Friday, May 31, 2019

The Reed Family Pictures, Part IV

Joanne (Reed) Smith says to Moiya in an email:
I’m finally getting around to sending you the pictures that we scanned from abt 1,100 slides. I even had to get your email—again—from MaryEllen. (Somehow I didn’t save it in my phone so it was looong lost. ) Anyhow, I’m sending the pics in 5 emails due to size. This email has pics from an anniversary dinner that my Mom did for your folks. I believe the YMs quorum was in Waterton. Love, Joanne
LtoR: Wyora and Doral Pilling
LtoR: Miles Platt, Cleo LeBaron, Doug LeBaron
LtoR: Wyora Pilling, Doral Pilling, Ruth Kearl, Mary Platt
LtoR Front Row: Richard, Moiya, Glen Pilling
LtR Second Row: Wyora, Bonnie, Doral, Wyona Pilling
 ... I can't identify any of these Waterton watermelon eaters ...
... Lorne seems to have switched out of the photo and Doral has switched in ...

The Reed Family Pictures, Part III

LtoR" Doral, Wyora, Earl Pilling
LtoR first row: Wyona, Earl, Bonnie Pilling
LtoR second row: Darla, Wyona, Doral Pilling
LroR first row: Bonnie, Earl, Wyona Pilling
LroRi second row: Doral Pilling Wyora PIlling, Darla Pilling
LtoR: Gordon Shepherd, Bart Rassmussen, Dale Tate, Earl Pilling, Gary Tate, ? LeBaron, Greg Bates
... Vernetta Reed, Doral Pilling, Lorne Reed ...

The Reed Family Pictures, Part II

The Reed RV bus, outfitted by Vernetta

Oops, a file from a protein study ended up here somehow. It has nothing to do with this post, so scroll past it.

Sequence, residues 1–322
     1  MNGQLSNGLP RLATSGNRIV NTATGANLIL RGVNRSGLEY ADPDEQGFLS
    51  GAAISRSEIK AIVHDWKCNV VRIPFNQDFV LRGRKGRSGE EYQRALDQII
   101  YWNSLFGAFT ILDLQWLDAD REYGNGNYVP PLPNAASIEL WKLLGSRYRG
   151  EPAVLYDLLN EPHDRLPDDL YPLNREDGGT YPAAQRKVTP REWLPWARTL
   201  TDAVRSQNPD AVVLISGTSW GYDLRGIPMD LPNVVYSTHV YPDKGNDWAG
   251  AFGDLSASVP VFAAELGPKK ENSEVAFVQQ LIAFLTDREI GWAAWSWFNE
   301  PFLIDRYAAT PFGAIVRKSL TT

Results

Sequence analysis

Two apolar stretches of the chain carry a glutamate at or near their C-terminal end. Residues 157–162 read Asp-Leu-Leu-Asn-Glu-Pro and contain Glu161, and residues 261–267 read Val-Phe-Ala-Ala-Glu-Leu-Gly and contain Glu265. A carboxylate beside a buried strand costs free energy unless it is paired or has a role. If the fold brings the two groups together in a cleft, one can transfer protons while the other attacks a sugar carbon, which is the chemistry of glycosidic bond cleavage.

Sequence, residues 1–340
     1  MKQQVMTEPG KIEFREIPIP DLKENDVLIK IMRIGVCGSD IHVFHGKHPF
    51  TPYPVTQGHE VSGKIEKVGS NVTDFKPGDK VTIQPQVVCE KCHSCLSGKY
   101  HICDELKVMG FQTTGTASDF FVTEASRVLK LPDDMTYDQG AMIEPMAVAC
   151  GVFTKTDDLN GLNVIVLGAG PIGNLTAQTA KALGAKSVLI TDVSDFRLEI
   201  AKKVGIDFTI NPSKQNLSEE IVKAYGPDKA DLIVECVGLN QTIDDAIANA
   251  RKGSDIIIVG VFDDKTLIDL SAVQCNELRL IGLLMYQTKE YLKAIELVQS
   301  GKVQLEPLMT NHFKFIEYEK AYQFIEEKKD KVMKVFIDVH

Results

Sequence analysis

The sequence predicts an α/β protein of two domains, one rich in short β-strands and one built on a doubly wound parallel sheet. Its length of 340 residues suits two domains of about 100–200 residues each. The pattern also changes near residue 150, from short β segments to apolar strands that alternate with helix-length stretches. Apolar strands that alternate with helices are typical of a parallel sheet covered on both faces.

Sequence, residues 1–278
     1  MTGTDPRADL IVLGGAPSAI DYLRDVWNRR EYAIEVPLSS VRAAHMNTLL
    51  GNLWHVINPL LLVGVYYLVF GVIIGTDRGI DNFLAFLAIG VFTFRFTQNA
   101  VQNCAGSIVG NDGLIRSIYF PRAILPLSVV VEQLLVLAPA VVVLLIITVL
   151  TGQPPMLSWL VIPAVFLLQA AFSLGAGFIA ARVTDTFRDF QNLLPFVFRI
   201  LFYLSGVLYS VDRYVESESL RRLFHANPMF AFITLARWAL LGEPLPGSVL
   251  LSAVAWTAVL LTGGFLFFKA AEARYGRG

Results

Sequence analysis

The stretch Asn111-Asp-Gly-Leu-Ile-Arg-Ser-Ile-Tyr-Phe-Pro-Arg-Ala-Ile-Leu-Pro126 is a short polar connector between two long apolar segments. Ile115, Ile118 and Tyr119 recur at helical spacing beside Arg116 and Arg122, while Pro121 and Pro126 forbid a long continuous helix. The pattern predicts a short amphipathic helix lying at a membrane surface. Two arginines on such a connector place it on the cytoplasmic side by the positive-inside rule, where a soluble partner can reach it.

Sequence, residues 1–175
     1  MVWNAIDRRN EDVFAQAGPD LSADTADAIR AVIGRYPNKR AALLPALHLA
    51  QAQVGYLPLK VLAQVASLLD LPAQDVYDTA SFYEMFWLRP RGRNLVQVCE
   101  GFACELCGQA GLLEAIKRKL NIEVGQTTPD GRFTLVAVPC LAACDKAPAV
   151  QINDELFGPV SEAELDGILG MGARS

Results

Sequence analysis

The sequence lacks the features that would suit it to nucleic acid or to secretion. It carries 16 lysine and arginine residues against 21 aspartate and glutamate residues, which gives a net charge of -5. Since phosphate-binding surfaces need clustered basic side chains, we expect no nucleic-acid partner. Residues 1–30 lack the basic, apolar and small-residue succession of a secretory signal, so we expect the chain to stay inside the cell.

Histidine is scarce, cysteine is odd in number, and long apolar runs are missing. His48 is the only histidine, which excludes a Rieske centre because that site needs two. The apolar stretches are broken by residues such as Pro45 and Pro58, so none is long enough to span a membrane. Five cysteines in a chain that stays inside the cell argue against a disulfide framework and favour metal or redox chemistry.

... double tubes, Susie Reed and possibly Rebecca Johnson ...
LtoR: X,X, Richard, Darla, X,X,X,Glen

For sure Glen is far right and Darla is second from the left,
and perhaps Narda is the first one in the picture on the left
... look at that patch of blue water, bottom left ...
... Doral returning fishing with 3 kids in the boat ...

The Reed Family Pictures, Part I

Joanne (Reed) Smith sent some pictures to us. She had been going through old photos. She said of this batch of five picture, " First, tennis pros.   Then more Shuswap with the Reed kids. I still remember getting squirted while looking for the “star”. Ha! Your dad always was a great practical joker...

Doral and Don Newton playing tennis.  It looks as though Doral won.

Doral and Loran Reed playing tennis

The Reed children and Doral watching a calf drink milk.
The Reed children watching the cow be milked

Doral picking cherries
Doral sleeping on the boat ramp

Wednesday, May 29, 2019

One Turkey, Two Women

... the trickle of the Little Canadian Stream ...

Ria brought out a turkey when she came for her Writer’s Retreat at the Shuswap.

I am having a Weeding Retreat at the same time.

We meet together for meals which is a bonus for me, for I rarely sit down to eat.

I just take a mouthful of food, run and do a job, come back and take another mouthful of food, so it really seems decadent to sit at a table with a large napkin and actually get a chance to use it.

The turkey Ria bought was originally for Christmas.

... walking from Shady Beach to Sandy Beach ...

“I don’t know what got into me, buying it. The price was just so good.”

A utility turkey – just one wing.

 That didn’t matter to me as I enjoyed a feast with it tonight – Christmas dinner at the end of May – a perfect moment to reflect on how fast the months are going.

It seems as though Christmas was just a few weeks ago.

We simmered the bones and added some vegetables and pepper corns.

We stripped the meat from the carcass before the evening was through.

Ria with wild roses at the Annis Bay Siding
Ria was identifying turkey body parts as she pulled the pieces of meat away: the hip joint, the back bone, the leg.

 I didn’t know if I should be in awe or fearful of that talent.

 She said some parts about her scientific learning just never go away.